I'm agree with Daniel. Directly indexing into text suggests an attempted optimization that is likely to be incorrect for a set of strings. Splitting, regex, concatenation and formatting are really the main operations that matter, and MicroPython can optimize their implementation of these easily enough for O(N) indexing.
Top-posted from my Windows Phone ________________________________ From: Daniel Holthmailto:firstname.lastname@example.org Sent: 6/4/2014 5:17 To: Paul Sokolovskymailto:email@example.com Cc: python-devmailto:firstname.lastname@example.org Subject: Re: [Python-Dev] Internal representation of strings and Micropython
If we're voting I think representing Unicode internally in micropython as utf-8 with O(N) indexing is a great idea, partly because I'm not sure indexing into strings is a good idea - lots of Unicode code points don't make sense by themselves; see also grapheme clusters. It would probably work great.
On Wed, Jun 4, 2014 at 7:49 AM, Paul Sokolovsky email@example.com wrote:
On Wed, 4 Jun 2014 20:53:46 +1000 Chris Angelico firstname.lastname@example.org wrote:
On Wed, Jun 4, 2014 at 8:38 PM, Paul Sokolovsky email@example.com wrote:
And I'm saying that not to discourage Unicode addition to MicroPython, but to hint that "force-force" approach implemented by CPython3 and causing rage and split in the community is not appreciated.
FWIW, it's Python 3 (the language) and not CPython 3.x (the implementation) that specifies Unicode strings in this way.
Yeah, but it's CPython what dictates how language evolves (some people even think that it dictates how language should be implemented!), so all good parts belong to Python3, and all bad parts - to CPython3, right? ;-)
I don't know why it has to cause a split in the community; this is the one way to make sure *everyone's* strings work perfectly, rather than having ASCII strings work fine and others start tripping over problems in various APIs.
It did cause split in the community, that's the fact, that's why Python2 and Python3 are at the respective positions. Anyway, I'm not interested in participating in that split, I did not yet uttered my opinion on that publicly enough, so I seized a chance to drop some witty remarks, but I don't want to start yet another Unicode flame.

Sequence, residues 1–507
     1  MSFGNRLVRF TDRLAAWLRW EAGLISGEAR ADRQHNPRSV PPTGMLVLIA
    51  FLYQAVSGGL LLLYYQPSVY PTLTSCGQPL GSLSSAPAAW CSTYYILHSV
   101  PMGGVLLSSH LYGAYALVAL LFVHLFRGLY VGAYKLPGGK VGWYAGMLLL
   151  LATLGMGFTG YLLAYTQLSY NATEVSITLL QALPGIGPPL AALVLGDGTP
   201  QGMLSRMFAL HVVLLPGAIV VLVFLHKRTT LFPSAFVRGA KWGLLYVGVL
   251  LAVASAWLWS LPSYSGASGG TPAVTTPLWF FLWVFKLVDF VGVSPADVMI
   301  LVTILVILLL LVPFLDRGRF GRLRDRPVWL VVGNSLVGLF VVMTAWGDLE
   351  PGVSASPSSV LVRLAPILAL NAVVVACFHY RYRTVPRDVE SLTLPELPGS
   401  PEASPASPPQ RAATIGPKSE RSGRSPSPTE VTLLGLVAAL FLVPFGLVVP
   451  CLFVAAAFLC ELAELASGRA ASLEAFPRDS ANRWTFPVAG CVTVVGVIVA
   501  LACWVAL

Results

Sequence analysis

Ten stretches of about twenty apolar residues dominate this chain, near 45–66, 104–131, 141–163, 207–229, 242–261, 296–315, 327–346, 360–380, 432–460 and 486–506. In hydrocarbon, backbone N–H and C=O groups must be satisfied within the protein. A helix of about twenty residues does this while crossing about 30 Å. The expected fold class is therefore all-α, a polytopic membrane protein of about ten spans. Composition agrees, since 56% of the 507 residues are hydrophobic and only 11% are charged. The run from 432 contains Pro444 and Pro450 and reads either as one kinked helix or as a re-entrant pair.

So, let's please be back to Unicode storage representation in MicroPython. So, https://github.com/micropython/micropython/issues/657 discussed technical aspects, in a recent mail on this list I expressed my opinion why following CPython way is not productive (for development satisfaction and evolution of Python community, to be explicit).
Final argument I would have is that you certainly can implement Unicode support the PEP393 way - it would be enormous help and would be gladly accepted. The question, how useful it will be for MicroPython. It certainly will be useful to report passing of testsuites. But will it be *really* used?
For microcontroller board, it might be too heavy (put simple, with it, people will be able to do less (== heap running out sooner)), than without it, so one may expect it to be disabled by default. Then POSIX port is there surely not to let people replace "python" command with "micropython" and run Django, but to let people develop and debug their apps with more comfort than on embedded board. So, it should behave close to MCU version, and would follow with MCU choice re: Unicode.
That's actually the reason why I keep up this discussion - not for the sake of argument or to bash Python3's Unicode choices. With recent MicroPython announcement, we surely looked for more people to contribute to its development. But then we (or at least I can speak for myself), would like to make sure that these contribution are actually the most useful ones (for both MicroPython, and Python community in general, which gets more choices, rather than just getting N% smaller CPython rewrite).
So, you're not sure how O(N) string indexing will work? But MicroPython offers a great opportunity to try! And it's something new and exciting, which surely will be useful (== will save people memory), not just something old and boring ;-).
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